The Daily Grind Video

Kevin Liles is a certified OG in the music game. His legend goes back to the Milli Vanilli days, all the way to present day Trey Songz success. GG got a chance to holla at the man that helped shape the careers of every one on the Def Jam roster like LL Cool J and Jay-Z to his most recent post as an Executive at Warner Bros. working with T.I. and Musiq. Right now he’s in his President and CEO role at Def Jam Interactive which has huge wins under their belt with the Def Jam video game fighting franchise of Vendetta, Fight for NY and Icon series. Next up is the incredibly dope Hip-Hop rap-a-long game Def Jam Rapstar. Read about his passion for the project and how he believes it will change the culture and way we think of Hip-Hop and gaming.

Moving From EA to 4MM

When we really did the fighting games with Electronic Arts, the CEO Larry Prost became a very good friend of mine. He was not afraid of innovation. That’s why they were the #1 publisher in the world for video games. I told him, no longer do we just want to license our music. We play games, our culture plays games, we want to be involved in games, how can we do something special together? As the President of Def Jam at the time I was like we are the both the best at what we do. We created the fighting franchise; the first game Vendetta sold 2.8 million copies. We said, oh shit, there’s a business here. We added Fight For New York and Icon. Like some things, it ran its course and he decided to retire. In order to take control of our gaming destiny, we not only needed to be a licensee but we also needed to get into the development place. So we searched high and low and that’s when we found the former founders of Rockstar Games and they said they wanted to do it again and we said, “Ok, we want to do it with you.” We then created a very special partnership.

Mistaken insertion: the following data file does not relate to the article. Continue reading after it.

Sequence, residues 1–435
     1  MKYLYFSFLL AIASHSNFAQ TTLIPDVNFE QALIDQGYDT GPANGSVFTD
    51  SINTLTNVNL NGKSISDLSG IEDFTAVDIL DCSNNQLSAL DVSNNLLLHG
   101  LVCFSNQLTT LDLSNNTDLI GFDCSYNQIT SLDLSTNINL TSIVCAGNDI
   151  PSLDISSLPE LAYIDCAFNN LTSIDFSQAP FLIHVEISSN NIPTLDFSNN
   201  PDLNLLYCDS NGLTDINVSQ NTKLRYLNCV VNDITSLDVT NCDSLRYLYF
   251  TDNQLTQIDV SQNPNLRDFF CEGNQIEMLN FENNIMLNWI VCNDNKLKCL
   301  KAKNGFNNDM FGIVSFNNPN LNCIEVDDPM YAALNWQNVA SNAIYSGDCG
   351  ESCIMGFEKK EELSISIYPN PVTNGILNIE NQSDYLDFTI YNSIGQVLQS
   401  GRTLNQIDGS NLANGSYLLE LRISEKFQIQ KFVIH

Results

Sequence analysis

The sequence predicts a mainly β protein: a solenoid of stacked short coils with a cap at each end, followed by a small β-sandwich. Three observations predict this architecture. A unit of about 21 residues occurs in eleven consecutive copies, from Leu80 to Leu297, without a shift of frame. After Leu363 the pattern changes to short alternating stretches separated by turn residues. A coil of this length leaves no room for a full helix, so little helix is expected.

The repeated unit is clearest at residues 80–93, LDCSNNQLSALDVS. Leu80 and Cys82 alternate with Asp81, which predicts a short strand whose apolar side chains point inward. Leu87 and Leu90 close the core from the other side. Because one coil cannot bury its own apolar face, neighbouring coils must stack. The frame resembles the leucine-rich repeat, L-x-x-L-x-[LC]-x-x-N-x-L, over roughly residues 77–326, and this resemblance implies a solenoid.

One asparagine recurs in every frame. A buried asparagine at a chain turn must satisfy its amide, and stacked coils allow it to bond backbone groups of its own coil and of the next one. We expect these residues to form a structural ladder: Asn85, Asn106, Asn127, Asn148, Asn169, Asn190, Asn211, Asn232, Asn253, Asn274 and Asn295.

Music Genre Vs. Fighting Genre

I think we made that choice because we could do it. I want to make great games, whether it’s music based, whether it’s fighting oriented…this idea has been brewing. How do you think I feel that a billion dollar business was created around a music based guitar game? I feel that our culture deserves an opportunity and access. We just needed somebody to believe there was a possibility. Similar to when Hip-Hop first started, there was no kind of space for us, we had to create our own space. I felt that we had to do it again in the game world. Now there will be a music-based game that’s about our culture. I didn’t say just having a couple of songs; I mean a music-based game that’s about Hip-Hop, you and your social network. Def Jam Rap Star is that game. It’s not about a music company, it’s about a gaming company, an interactive company that’s putting a rubber band around our culture once again. That’s what Def Jam Rapstar will do.


More Than Just Hip-Hop&n